By: Renee Grassi, Youth Department Director
The library can be an intimidating place to children with learning disabilities. Libraries are synonymous with books, reading, learning—things that can be challenging for a child with a learning disability. In fact, the mere thought of making a visit to the library to check out a book can be instantly overwhelming and stress-inducing. If a child has a learning disability, it may affect aspects of that child’s experience, including ways that child listens, speaks, thinks, reads, writes, spells, or computes math. What, then, does the Glen Ellyn Public Library have to help parents and caregivers with children with learning disabilities?
Audio books: Listening to a book being read aloud is an enjoyable experience for any child, but it can be especially helpful for children with learning disabilities. For some readers, the process of listening to a book, as opposed to reading it, can significantly help improve their comprehension and retention. The Youth Department offers books on CD, as well as playaway formats for children who are auditory learners to listen along to their favorite story.
Digital Books: In a similar way, the process of reading an interactive digital book can make the experience of reading a positive one for a child with learning disabilities. The Library subscribes to several online resources, such as Tumblebooks and BookFlix, which are excellent for children with learning disabilities. These online resources have a “Read Along” feature which highlights each word as its being read out loud for the listener. With your GEPL library card, you have access to these resources 24/7 from your home computer or your mobile device. Be sure to check it out!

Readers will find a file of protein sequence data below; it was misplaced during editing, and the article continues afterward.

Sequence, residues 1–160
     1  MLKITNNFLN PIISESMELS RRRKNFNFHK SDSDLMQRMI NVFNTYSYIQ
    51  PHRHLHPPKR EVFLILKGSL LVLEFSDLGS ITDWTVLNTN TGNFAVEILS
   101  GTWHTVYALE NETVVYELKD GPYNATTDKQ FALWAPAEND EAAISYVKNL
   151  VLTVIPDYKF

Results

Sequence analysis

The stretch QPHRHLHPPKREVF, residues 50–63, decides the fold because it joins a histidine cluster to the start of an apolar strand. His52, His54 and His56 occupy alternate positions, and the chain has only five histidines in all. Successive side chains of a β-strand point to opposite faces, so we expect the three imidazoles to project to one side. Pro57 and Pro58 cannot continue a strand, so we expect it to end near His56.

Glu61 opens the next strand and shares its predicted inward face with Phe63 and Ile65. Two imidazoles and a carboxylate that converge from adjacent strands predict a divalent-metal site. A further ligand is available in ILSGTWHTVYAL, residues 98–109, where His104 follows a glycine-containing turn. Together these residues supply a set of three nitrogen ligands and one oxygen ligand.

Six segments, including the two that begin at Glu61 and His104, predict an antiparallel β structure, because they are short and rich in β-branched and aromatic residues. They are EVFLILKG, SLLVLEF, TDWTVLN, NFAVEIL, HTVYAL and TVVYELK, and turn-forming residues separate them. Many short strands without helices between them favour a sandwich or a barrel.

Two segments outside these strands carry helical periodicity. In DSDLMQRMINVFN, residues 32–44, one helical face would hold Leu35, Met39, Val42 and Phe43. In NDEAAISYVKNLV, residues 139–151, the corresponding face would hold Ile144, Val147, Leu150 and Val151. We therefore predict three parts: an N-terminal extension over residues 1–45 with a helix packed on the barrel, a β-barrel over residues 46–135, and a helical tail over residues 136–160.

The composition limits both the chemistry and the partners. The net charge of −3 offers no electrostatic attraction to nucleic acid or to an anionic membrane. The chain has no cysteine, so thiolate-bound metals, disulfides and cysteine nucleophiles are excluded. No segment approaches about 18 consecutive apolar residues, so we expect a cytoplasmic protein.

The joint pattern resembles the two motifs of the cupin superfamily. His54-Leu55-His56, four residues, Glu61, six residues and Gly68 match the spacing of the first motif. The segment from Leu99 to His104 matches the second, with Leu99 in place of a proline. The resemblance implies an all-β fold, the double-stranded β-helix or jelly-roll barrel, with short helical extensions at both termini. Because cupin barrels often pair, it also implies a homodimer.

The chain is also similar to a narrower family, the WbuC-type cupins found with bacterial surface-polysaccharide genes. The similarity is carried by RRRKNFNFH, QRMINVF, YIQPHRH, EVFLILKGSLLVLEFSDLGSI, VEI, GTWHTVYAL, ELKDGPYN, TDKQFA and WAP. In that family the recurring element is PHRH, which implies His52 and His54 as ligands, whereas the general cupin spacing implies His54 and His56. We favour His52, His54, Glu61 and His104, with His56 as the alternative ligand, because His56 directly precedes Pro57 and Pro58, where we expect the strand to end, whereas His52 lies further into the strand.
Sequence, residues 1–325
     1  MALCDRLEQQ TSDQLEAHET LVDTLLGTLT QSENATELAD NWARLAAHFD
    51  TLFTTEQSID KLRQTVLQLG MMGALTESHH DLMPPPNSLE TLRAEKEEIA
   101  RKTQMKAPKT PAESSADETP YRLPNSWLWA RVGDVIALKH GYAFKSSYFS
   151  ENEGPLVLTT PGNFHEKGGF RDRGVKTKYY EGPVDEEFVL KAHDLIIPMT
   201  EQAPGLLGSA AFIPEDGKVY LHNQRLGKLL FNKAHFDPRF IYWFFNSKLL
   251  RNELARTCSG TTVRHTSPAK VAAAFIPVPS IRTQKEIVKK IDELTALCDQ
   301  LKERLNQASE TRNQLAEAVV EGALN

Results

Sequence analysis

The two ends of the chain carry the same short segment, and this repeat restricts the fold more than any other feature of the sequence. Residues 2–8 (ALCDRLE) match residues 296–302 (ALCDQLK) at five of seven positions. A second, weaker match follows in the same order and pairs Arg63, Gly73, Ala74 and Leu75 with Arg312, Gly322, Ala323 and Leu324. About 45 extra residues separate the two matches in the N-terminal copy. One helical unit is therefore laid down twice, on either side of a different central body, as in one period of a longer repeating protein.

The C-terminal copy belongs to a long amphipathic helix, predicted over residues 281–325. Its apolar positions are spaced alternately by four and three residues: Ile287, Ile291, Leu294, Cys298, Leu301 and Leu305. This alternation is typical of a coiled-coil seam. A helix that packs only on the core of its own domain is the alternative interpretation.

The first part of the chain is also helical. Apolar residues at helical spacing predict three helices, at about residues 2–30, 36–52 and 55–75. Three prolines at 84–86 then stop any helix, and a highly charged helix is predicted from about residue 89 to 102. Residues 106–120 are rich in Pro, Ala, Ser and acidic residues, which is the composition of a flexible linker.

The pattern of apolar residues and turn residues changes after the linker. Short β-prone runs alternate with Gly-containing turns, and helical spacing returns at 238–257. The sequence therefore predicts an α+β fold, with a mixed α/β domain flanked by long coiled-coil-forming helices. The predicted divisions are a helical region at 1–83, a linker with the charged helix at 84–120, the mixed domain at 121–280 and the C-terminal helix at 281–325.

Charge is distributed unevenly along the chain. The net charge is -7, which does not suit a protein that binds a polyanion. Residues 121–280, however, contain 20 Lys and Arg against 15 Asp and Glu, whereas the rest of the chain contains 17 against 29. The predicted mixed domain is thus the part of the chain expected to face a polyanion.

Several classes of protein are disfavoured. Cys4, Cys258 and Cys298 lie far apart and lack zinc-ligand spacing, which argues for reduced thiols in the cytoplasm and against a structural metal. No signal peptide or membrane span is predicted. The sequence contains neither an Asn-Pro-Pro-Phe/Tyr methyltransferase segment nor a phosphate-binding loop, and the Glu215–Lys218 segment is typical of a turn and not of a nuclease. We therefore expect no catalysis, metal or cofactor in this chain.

Storytime: Storytime is not just for babies here in Glen Ellyn! It’s a language-rich environment that supports and encourages children to be lifelong readers. We in the Youth Department are excited about books and hope to share our enthusiasm with children and families that attend. Whether it’s through song, movement, dance, or even flannel board stories, we often adapt stories in a variety of ways to be welcoming to all learners. We also show a brief film at the end of each Family Storytime, which are animated shorts of beloved picture books. In January after the Youth Remodel project is complete, the Youth Department looks forward to bringing back our ever-popular schedule of storytimes for children of all ages. Be sure to check in at GEPL’s Storytime page for more information about our winter session of storytimes and consider bringing your child to this shared reading experience.
Friendly Staff: Children, regardless if they have a learning disability or not, pick up attitudes and perceptions about reading from the adults in their lives. One thing that Youth Department staff can do is be a friendly, non-judgmental face in your child’s life that encourages their own interests and gets to know them. We want to help your child love books as much as we do, so don’t hesitate to ask us if we can help you and your child find the next good book to read. We have lots of suggestions and a wide variety of fiction and non-fiction books to choose from!